Many of those who were shocked by the untimely death of Gudrun Loftus in a tragic accident have expressed the lasting importance which her teaching has had for them: for almost twenty years, she had been at the heart of German language teaching at the University of Oxford. When she took up her post in 1990, this marked a new departure for her as well as for the university, which created her post in response to the fact that the teaching of Modern Languages at schools had changed significantly. The shift in emphasis towards fluency in the spoken command of a foreign language had improved the ability of school-leavers to hold a conversation, but for many, writing in German and expressing themselves with accuracy was an increasingly unfamiliar and rather daunting task. Gudrun Loftus was a vigorous advocate of teaching grammar systematically in order to enable students to aspire towards speaking and writing like native speakers, and she was instrumental in putting together a course that helped students to achieve this. She was famously strict in her marks; students knew that the standards she expected were high, and that she had very clear views on what was and…
“Gerry, Oliver and family would like to sincerely thank Oxford University’s German Faculty staff and students and St John’s College for the many warm tributes to Gudrun as a much valued colleague and teacher, following her untimely death in Oxford recently.
Our sincere thanks also go to those who attended her requiem mass in St Bernardine’s Church in Buckingham, and to those who sent cards, flowers and donations in Gudrun’s name for World Villages for Children.”
The Vice-Chancellor gives notice that he will make an appointment to the de Osma Studentship during Michaelmas Term 2010. The Studentship is open to members of the University of Oxford.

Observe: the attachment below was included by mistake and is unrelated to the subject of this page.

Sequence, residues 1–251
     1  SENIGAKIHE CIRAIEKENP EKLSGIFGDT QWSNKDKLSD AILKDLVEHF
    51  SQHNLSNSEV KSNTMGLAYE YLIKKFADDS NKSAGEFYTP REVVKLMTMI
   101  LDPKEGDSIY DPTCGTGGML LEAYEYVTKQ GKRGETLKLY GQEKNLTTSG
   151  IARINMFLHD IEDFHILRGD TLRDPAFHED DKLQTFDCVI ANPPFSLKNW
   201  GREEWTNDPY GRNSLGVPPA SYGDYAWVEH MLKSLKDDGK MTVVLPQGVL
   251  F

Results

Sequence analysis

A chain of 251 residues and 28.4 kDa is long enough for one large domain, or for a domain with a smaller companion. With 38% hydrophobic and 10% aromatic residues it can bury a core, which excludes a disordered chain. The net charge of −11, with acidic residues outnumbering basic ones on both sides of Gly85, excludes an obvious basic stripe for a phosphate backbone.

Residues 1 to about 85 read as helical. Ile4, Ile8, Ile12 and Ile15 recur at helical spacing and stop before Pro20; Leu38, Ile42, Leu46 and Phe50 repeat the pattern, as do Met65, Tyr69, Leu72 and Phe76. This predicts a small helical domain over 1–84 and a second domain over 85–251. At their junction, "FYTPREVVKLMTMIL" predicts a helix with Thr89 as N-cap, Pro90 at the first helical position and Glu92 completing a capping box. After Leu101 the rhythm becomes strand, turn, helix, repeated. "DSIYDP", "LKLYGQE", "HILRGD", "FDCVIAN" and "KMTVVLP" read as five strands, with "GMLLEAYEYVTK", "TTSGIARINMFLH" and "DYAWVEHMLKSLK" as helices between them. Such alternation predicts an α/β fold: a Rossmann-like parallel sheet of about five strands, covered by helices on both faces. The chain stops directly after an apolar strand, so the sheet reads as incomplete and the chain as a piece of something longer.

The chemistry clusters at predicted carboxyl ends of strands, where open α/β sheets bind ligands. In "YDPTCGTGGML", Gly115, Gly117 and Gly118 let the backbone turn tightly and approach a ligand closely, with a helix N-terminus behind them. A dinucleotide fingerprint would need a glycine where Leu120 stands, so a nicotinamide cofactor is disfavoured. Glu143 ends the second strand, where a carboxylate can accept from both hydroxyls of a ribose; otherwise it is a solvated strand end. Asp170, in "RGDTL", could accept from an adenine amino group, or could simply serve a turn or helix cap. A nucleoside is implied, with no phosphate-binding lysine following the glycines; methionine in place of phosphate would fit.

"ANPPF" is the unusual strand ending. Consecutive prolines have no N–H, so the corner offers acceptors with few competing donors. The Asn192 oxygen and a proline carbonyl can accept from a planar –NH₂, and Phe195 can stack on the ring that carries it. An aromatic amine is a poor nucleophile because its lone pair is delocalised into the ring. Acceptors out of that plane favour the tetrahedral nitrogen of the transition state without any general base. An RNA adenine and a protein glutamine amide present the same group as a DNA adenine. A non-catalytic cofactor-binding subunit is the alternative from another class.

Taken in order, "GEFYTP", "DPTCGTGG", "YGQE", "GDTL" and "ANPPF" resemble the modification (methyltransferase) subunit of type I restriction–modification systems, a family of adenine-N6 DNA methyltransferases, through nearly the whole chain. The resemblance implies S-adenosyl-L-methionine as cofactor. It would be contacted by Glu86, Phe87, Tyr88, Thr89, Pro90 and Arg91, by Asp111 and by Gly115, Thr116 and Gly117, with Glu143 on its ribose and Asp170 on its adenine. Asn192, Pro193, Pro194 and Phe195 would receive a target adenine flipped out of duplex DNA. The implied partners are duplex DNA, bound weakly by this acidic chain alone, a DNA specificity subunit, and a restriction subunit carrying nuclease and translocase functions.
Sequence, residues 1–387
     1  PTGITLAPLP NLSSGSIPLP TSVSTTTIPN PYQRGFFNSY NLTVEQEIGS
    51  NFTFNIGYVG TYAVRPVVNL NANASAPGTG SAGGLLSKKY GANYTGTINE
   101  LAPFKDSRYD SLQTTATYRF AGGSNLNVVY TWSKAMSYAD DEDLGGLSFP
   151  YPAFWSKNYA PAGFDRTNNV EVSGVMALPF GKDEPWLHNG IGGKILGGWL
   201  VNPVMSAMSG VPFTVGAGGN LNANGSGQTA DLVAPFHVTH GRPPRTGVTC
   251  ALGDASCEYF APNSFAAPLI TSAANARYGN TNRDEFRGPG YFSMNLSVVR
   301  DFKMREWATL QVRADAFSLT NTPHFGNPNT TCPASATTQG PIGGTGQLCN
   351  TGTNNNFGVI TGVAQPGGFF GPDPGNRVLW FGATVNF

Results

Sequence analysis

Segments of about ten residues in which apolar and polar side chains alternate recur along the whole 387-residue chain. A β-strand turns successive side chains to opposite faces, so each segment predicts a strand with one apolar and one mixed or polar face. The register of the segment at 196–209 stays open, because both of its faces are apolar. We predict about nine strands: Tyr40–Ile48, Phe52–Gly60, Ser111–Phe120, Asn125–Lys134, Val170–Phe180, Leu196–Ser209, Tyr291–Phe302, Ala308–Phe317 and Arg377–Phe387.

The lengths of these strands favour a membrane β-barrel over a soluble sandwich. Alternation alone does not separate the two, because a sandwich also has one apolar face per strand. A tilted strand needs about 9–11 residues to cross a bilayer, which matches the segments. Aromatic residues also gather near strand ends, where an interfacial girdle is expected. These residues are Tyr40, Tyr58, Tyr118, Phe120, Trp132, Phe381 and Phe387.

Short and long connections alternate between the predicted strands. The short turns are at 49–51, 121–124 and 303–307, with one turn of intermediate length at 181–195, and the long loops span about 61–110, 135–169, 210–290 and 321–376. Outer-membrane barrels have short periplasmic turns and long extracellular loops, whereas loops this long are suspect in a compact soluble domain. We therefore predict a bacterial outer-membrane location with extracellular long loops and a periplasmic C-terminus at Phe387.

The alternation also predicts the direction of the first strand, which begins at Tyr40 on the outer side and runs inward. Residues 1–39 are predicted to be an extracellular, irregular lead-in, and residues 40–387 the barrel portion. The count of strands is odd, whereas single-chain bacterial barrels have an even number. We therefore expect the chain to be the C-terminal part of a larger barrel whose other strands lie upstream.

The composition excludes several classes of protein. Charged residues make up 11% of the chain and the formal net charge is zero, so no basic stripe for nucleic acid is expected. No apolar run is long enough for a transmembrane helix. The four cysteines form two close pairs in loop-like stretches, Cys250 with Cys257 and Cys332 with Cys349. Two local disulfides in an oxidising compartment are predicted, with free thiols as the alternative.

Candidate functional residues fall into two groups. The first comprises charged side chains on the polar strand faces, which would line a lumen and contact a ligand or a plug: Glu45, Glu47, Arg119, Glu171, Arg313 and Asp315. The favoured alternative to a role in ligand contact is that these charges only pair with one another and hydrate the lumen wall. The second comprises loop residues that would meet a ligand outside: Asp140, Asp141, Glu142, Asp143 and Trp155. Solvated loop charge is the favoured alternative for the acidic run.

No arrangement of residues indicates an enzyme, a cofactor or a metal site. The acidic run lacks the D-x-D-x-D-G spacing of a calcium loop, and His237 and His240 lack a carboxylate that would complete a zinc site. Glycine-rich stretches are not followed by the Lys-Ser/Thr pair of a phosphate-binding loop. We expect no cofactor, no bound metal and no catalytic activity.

Nationality: Any nationality
Level of study: Undergraduate and Graduate students
Subject: Candidates should be concerned with Spanish studies, such as Spanish art history, Spanish language and literature, Spanish history, geography, or archaeology. They must, when presenting their applications, provide evidence that they have sufficient knowledge of both written and spoken Spanish to enable them to make proper use of the facilities of the Instituto as well as a detailed account of their proposed study.
The Modern Language Association of America has awarded its twentieth annual Aldo and Jeanne Scaglione Prize for Comparative Literary Studies to Frédérique Aït-Touati, of the University of Oxford, Saint John’s College, for her book Fictions of the Cosmos: Science and Literature in the Seventeenth Century, published by the University of Chicago Press. The prize is awarded annually for an outstanding scholarly work that is written by a member of the association and that involves at least two literatures.